The ’00s were a strange time for European small cars. A staggering number of them offered drop-tops, and in the increasingly faddish metal folding roof arrangement, copied from the original SLK. The Renault Megane, Peugeot 206, 207, 307, Opel Astra, and VW Eos (a decapitated Golf) were all offered as such convertibles. Meanwhile, Mitsubishi needed a flagship small car to improve sales of their tepid Colt hatchback, so they turned to Pininfarina to produce yet another hardtop convertible in the same vein. Find this 2007 Mitsubishi Colt Turbo Cabriolet somewhere in NSW, Australia for $6,990 AUD ($5,345 USD at the time of writing) via Carsales.
Mitsubishi launched another flagship Colt with the convertible: the Ralliart. It came with stiffer, lower suspension, a gaudy body kit, but most importantly, a healthy turbocharged 1.5L mated to a 5-speed. The cabriolet, in Turbo form, was almost the same as the Ralliart underneath, but naturally added some weight. As a result, it was a rather enjoyable car, more so than many of the hacked up Europeans which lacked any sports tuning.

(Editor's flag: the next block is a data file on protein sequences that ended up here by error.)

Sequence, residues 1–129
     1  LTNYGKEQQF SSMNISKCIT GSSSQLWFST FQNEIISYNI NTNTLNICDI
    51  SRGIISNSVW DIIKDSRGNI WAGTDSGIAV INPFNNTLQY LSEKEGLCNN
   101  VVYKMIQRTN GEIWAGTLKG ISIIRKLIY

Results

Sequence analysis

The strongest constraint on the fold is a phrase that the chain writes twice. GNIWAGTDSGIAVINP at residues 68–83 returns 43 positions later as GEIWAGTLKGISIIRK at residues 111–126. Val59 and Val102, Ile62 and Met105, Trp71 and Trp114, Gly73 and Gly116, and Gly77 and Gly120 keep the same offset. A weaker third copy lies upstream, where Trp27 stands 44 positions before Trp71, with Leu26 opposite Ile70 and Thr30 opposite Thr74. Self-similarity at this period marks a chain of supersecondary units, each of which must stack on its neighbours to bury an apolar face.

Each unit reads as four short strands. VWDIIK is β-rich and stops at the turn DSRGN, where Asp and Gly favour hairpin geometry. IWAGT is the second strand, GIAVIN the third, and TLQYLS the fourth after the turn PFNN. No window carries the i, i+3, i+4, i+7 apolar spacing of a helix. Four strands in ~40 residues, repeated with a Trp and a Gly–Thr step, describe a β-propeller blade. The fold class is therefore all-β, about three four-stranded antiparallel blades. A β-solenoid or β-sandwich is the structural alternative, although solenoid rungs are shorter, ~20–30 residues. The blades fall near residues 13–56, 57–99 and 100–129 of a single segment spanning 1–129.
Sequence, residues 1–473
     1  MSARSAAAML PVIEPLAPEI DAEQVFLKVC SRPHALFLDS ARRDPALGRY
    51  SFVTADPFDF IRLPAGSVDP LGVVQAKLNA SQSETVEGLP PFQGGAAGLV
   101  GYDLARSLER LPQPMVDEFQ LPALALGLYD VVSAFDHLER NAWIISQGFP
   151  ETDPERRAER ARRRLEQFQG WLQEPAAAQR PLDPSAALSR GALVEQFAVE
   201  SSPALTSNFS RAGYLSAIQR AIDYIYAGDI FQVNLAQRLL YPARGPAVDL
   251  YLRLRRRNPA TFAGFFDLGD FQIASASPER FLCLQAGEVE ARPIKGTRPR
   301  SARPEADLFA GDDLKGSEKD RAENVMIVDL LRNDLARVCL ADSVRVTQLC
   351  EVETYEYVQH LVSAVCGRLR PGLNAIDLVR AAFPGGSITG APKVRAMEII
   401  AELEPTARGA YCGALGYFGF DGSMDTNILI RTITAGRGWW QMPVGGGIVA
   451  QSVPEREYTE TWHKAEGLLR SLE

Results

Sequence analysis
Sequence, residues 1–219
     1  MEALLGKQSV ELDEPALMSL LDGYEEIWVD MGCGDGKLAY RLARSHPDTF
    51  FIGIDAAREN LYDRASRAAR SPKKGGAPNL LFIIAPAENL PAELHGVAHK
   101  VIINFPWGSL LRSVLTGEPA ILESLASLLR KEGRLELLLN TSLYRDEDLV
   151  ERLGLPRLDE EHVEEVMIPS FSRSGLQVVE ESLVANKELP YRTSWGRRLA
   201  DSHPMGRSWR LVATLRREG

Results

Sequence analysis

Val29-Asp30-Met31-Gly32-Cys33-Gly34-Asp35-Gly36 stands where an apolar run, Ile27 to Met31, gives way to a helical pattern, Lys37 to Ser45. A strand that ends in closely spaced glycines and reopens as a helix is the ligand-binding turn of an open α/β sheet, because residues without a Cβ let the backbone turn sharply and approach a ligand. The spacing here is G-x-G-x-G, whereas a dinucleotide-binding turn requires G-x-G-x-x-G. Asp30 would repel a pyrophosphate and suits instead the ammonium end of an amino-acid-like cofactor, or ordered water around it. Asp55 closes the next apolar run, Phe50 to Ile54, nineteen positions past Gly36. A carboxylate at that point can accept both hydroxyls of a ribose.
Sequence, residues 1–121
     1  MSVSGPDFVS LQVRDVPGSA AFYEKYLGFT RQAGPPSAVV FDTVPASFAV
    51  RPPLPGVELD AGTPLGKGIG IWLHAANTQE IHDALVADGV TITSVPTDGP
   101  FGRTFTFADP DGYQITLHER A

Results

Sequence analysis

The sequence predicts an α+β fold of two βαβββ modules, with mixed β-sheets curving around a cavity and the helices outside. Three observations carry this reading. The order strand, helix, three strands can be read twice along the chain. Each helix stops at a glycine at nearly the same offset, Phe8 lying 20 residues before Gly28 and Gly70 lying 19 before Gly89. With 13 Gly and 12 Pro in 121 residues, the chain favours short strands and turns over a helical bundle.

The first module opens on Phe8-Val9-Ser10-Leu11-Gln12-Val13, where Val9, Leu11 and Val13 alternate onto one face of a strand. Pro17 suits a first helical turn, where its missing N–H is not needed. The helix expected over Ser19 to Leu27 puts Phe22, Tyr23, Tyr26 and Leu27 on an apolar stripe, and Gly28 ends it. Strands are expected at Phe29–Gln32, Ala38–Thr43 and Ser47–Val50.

Although the body was designed and built by Pininfarina, it’s not pretty in a debilitating sort of way, like many of their designs are. Really, it’s very Japanese, cute and seemingly too small to be serious. It doesn’t suffer the fate that some of its rivals faced where it looks good without the roof, but ungainly with it; rather, it’s pleasing enough all the time.
We don’t usually feature cars from stealerships here, because usually the cars are overpriced. This Colt isn’t, so it gives us a chance to gripe about stealership’s online advertising strategies. Why can’t you tell me where your dealership is in the ad? Please, I don’t want to humiliate myself talking to a man with at least two mistresses and a whole tub of gel plastered onto his head. Also, don’t take your photos on the kerbside trying to appear to be a private seller, it’s downright lying and makes me think you’re hiding something more than the illegal immigrants who do the detailing.
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